Understanding Body Fats
Too much of anybody fat is bad for your health, but compared to the subcutaneous fat, visceral is much more likely to increase your risk for serious medical conditions such as Heart disease, Alzheimer's, Type 2 Diabetes, stroke, high cholesterol, and certain types of cancer.
Researchers suspect that visceral fat makes more of certain proteins that inflame your body’s tissues and organs and narrow your blood vessels. That can make your blood pressure go up and cause other problems.
. . . is the fat stored within the abdominal cavity. It wraps around your vital organs including the liver, pancreas and intestines, and as a result, can have a negative impact on your health. You can’t see or feel visceral fat, but it poses the most serious risk to our health.
. . . is the fat stored under the skin. It is the soft tissue that can be felt when we pinch ourselves. It contains blood vessels and fatty tissues. Visceral fat, on the other hand, cannot be felt in such a way as it is the extra fat stored around our organs. It is the most dangerous type of fat as it much harder to identify.
I’ve got a flat tummy, so surely I can’t be at risk?
You can’t feel or see visceral fat, so even people with a flat tummy may still have high levels of visceral fat. Regardless of your shape or size, you could be carrying excess visceral fat which poses a risk to your health.
This means that whether your doctor tells you that you’re underweight, overweight, obese or of a healthy weight, or whatever BMI range you fall in to, you could still have high health risk caused by visceral fat.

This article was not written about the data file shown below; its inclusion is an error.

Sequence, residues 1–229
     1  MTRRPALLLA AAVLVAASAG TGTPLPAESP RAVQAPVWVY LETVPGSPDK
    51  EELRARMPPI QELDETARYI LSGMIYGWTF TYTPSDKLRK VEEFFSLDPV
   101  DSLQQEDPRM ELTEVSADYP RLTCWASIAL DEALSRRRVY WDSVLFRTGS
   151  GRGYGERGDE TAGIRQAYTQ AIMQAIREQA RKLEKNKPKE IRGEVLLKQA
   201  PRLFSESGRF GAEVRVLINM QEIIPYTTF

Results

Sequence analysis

But what about BMI?
Body Mass Index (BMI) is used by many as an indicator of health. It compares your weight into your height to give an indication of your weight status i.e. whether you are categorised as underweight, overweight, healthy or obese.
BMI doesn’t take muscle mass, age, sex, ethnicity, the general level of fitness or visceral fat into account. Therefore, even if you have a ‘healthy’ BMI you may still be carrying excess visceral fat and could still be at risk of the health complications associated with it.
Relying on BMI could put you at risk…
Visceral fat is often referred to as ‘active fat’ due to the effect it has on our hormones and body functions. It can interrupt normal hormone communications between your vital organs and can lead to insulin resistance and eventually Type 2 Diabetes.
Additionally, it can affect the functions of your organs and puts you at higher risk of developing heart disease or cancers including breast cancer or colorectal cancer.
More recently, obesity has been recognised as increasing the risk of having more severe symptoms from COVID-19 1.https://www.theguardian.com/world/2020/aug/26/obesity-increases-risk-of-covid-19-death-by-48-study-finds
So how do you measure visceral fat?
In recent years there hasn’t been a way to find out how much visceral fat is hidden in your body without using expensive imaging tests, such as an MRI or DEXA scanning equipment.
Unfortunately, most people cannot access these scanners to understand their health risk due to cost, availability and hospital referral requirements
So, what can you do to protect yourself?
Factors which contribute to visceral fat levels include stress, diet and exercise habits in addition to age, ethnicity and gender. Living a healthy lifestyle will therefore reduce your chances of visceral fat accumulating in your abdominal cavity.
But . . . first and foremost you need to understand the volume of fat you have and where it is!
Now after 12 years of research and validation, a quick, new and easy way to measure your body composition and visceral fat is the Body Volume Index app. The myBVI app just uses your smartphone; taking a scan so that within a few seconds your results will appear. BVI is an advancement in monitoring body composition at the click of a button; without the need for any other device!